The dead don’t sense the loss; that falls to the living.
What the dead leave is absence. The emptiness of where they once were hangs between those who remain. There are feelings, yes, and memories and stories, recalled, retold and reconfigured, but displays of emotion and arrays of narration do not fill the void; they define it further by drawing attention to what is gone.
I am not one to think much about death and dying even though at my age – now into my third half-century as the calendar goes – it increasingly disrupts my focus to live day by day with a reminder that someone I know is no longer doing just that. My father, who could whistle past the graveyard with the best of them as long as he had a highball in one hand and a Camel in the other, was known to remark, usually upon the seeing the number of obituaries in the morning paper, “Look at this! People are dying who never died before.” Ba-dum-dump.
Right you were, Dad.
A friend died the other day. He was younger than I am, and a better person as well. Happy, generous, and accepting. A good soul. Magnetic also. He drew others toward him. Their presence nourished him and in return he yielded a benevolent harvest. Some were like-minded, that is fearless and open to the world. Others were weaker and more susceptible to doubt, and to them he spread wide his boughs of friendship, beneath which they took shelter from their individual storms.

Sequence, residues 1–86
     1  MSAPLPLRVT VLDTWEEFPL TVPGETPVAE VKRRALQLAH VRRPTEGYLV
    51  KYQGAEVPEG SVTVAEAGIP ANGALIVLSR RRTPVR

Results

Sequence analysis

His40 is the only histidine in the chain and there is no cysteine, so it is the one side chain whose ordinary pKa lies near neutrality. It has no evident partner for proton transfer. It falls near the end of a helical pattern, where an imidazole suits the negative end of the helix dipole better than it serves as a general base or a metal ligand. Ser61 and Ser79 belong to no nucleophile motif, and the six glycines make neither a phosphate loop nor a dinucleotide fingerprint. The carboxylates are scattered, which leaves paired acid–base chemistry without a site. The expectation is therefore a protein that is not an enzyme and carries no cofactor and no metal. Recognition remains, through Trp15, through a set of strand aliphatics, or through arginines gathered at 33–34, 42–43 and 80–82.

Within circles of people, there is always a hub, a center who connects the spokes and locks them in place as the wheel of life spins and spins. To borrow from Didion (who in turn borrowed from Yeats), the center did not hold and “anarchy is loosed upon the world.”
What held us together is absent.
I am lousy at mourning, as I am at most emotional experiences, and, to give notice now to my contemporaries who are still above ground, I do not intend to get better at it. I am working on empathy and love, and these are such a chore for me that they occupy all the available shifts in the emotion factory. No tears have fallen from me for the absence of this good man, although I feel them gathering in my heart and I know this interior leakage eventually will result in a flood.
I haven’t absorbed it yet, said someone who loved him. I know what she meant, but absorbing death is like trying to bottle lightning. It is so sudden, so fleeting. The dying takes time, but death is not only instantaneous but also penurious, leaving behind nothing in return for what it takes. What is there to absorb? How do we sponge up a null set? How do we digest emptiness?
The wheel is broken. The center did not hold.
I don’t think I will write about death again any time soon. Maybe never. There is both so little and so much to say about it, and neither choice appeals to me.
Goodbye, my friend.